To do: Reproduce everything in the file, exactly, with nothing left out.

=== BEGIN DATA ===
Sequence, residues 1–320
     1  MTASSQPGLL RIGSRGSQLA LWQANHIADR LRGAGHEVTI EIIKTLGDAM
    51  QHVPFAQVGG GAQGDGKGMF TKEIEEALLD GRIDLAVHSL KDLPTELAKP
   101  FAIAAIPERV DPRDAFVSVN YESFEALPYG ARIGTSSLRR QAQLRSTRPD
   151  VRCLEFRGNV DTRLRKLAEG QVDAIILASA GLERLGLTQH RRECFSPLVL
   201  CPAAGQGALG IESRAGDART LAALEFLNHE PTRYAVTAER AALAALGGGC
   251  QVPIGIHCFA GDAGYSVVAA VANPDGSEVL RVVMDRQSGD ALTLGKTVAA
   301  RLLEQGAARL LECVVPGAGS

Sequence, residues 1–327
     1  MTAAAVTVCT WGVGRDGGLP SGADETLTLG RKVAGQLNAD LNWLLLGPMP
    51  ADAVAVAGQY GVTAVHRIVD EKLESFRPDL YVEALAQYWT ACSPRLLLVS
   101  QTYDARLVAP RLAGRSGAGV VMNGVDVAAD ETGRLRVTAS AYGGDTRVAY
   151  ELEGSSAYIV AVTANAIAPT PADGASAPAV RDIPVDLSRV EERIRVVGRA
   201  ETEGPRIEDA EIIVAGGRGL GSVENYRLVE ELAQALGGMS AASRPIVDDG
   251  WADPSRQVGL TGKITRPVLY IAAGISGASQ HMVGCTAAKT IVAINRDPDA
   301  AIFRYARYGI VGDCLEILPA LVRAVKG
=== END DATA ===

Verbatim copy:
Sequence, residues 1–320
     1  MTASSQPGLL RIGSRGSQLA LWQANHIADR LRGAGHEVTI EIIKTLGDAM
    51  QHVPFAQVGG GAQGDGKGMF TKEIEEALLD GRIDLAVHSL KDLPTELAKP
   101  FAIAAIPERV DPRDAFVSVN YESFEALPYG ARIGTSSLRR QAQLRSTRPD
   151  VRCLEFRGNV DTRLRKLAEG QVDAIILASA GLERLGLTQH RRECFSPLVL
   201  CPAAGQGALG IESRAGDART LAALEFLNHE PTRYAVTAER AALAALGGGC
   251  QVPIGIHCFA GDAGYSVVAA VANPDGSEVL RVVMDRQSGD ALTLGKTVAA
   301  RLLEQGAARL LECVVPGAGS

Sequence, residues 1–327
     1  MTAAAVTVCT WGVGRDGGLP SGADETLTLG RKVAGQLNAD LNWLLLGPMP
    51  ADAVAVAGQY GVTAVHRIVD EKLESFRPDL YVEALAQYWT ACSPRLLLVS
   101  QTYDARLVAP RLAGRSGAGV VMNGVDVAAD ETGRLRVTAS AYGGDTRVAY
   151  ELEGSSAYIV AVTANAIAPT PADGASAPAV RDIPVDLSRV EERIRVVGRA
   201  ETEGPRIEDA EIIVAGGRGL GSVENYRLVE ELAQALGGMS AASRPIVDDG
   251  WADPSRQVGL TGKITRPVLY IAAGISGASQ HMVGCTAAKT IVAINRDPDA
   301  AIFRYARYGI VGDCLEILPA LVRAVKG